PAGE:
This piece is part of a series remembering the life, career, and legacy of Helmut (Hal) Sonnenfeldt — a member of the National Security Council, counselor at the Department of State, scholar at the Johns Hopkins School of Advanced International Studies (SAIS), and Brookings expert.
Hal Sonnenfeldt was already a living legend in policy circles when I first came to Washington in the mid-1970s. He was often mentioned in the same breath as his boss Henry Kissinger whenever any discussion turned to U.S. relations with the Soviet Union; together they formed a formidable team in dealing with Washington’s most powerful and dangerous adversary. Hal shared much with Henry. Both men were immigrants, and they both cherished the values that had enabled them to escape Nazi Germany and thrive on America’s shores. Both men were what are termed “realists.” And they both were brilliant.
It was hardly a surprise that Kissinger took Hal with him from the National Security Council to the State Department where he served as counsellor to the secretary of state. Unlike those who bayed for constant confrontation with the Soviets, Henry and Hal recognized that reaching understandings with Moscow was not the same as capitulation to the Kremlin. For that reason, neither of them viewed arms control as an inherently flawed concept, but rather one of many means of preventing further gains by an inherently hegemonic USSR, about which neither bore any illusions.
The position of State Department counselor is one of considerable importance. Its occupant often is the original source of a secretary of state’s ideas and formal positions, and equally often has the final word with the secretary before the State Department goes public on any issue. Hal was possibly the most influential official ever to hold that position; it was no accident that he was called “Kissinger’s Kissinger.” Moreover, unlike many who both preceded and followed him, he was a public figure, at times a notorious one, particularly when he was named the author of the “Sonnenfeldt Doctrine” that purportedly — and, according to Hal, inaccurately — accepted the notion of a permanent Soviet sphere of influence.
Hal’s formidable intellect defied the kind of pedestrian thinking and knee-jerk policymaking that was far from rare in the 1970s, although considerably less common than in the current political environment. On the one hand, Hal instinctively understood far better than others that there were limits to Wilsonian idealism, and that America could not serve as the world’s moral tutor. On the other hand, he was always a strong proponent of a powerful defense posture, without which America would lack the credibility to persuade allies and friends, and dissuade aggression by adversaries.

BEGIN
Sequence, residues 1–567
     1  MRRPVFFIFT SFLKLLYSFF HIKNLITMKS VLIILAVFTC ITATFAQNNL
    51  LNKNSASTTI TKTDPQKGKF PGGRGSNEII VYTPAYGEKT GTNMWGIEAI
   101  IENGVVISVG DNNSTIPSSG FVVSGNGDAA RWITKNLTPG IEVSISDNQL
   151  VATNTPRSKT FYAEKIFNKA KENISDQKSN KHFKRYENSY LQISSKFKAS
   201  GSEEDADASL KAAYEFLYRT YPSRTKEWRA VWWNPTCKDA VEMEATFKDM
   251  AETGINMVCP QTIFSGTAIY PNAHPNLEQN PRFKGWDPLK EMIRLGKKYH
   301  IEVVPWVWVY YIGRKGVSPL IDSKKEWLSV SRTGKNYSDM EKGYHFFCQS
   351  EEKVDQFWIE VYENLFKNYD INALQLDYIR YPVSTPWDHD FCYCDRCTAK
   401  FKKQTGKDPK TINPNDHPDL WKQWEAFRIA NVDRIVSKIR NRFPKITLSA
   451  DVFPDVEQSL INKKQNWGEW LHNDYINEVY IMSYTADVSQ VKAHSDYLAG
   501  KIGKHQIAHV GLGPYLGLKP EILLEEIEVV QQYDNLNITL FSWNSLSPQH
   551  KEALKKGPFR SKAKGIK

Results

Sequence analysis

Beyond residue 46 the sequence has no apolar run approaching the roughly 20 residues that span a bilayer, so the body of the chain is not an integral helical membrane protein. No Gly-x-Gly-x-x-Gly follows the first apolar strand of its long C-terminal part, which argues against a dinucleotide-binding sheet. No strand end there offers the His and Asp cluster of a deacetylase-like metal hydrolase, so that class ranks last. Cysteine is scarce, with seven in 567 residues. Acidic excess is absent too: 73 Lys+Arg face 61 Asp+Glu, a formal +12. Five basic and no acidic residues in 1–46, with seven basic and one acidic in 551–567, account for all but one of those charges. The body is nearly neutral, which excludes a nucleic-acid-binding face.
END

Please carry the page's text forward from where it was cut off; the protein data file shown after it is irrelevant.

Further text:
Hal thus angered hard-liners because of his seeming willingness to recognize the reality of Soviet power. At the same time, he antagonized liberals who despised his close association with Kissinger, whom they detested. Yet just as he could endure endless hours of dealing with Minister of Foreign Affairs Andrei Gromyko in an effort to reach some level of accommodation with the Soviets, he was also a guiding spirit behind the Helsinki accords, which for the past four decades have provided a model framework for human rights not only in Europe but worldwide.
Hal also was a key figure in the opening to China, a country that today is viewed as America’s primary long-term adversary. Yet at the time, and for the next several decades, the decision to restore and build upon American relations with the Asian giant was rightly recognized as one of the key strategic moves that ultimately contributed to the collapse of the Soviet Union.
My wife and I came to know Hal and his wife Margie, years after he retired from the State Department, when he was firmly ensconced as an éminence grise at the Brookings Institution. I would often consult him when I served as under secretary of defense in the early years of the George W. Bush administration. Hal and I later were fellow members of the Chief of Naval Operations Executive Panel, the Navy’s top policy advisory committee. He was always a source of sage advice, particularly about how best to deal with the Russia of Boris Yeltsin and then the very different Russia that emerged under Vladimir Putin, as well as with an increasingly powerful and assertive China. Hal never minced words; that was not his way. Agree with him or not — and as he and I shared a realist outlook on the world, I tended to agree with him more often than not — no one would never take his words any more lightly than in the spirit in which they were given.
I wonder how Hal would view what passes for current American foreign and national security policy. As a realist, he no doubt would support efforts to somehow terminate America’s endless wars, and to avoid the interventionist impulse to unseat unsavory regimes. On the other hand, I strongly suspect that he would find it hard to tolerate a policy process that consists essentially of tweets and last-second impulses, and that is dominated by tiny minds that glorify inconsistency as a negotiating tool. And because Hal was an immigrant himself who served his country both in and out of uniform, I am certain that he would not take kindly to the views of those who view those who seek to land on our country’s shores as somehow diminishing America’s greatness rather than, like Hal himself, adding to it — and in his case, immeasurably so.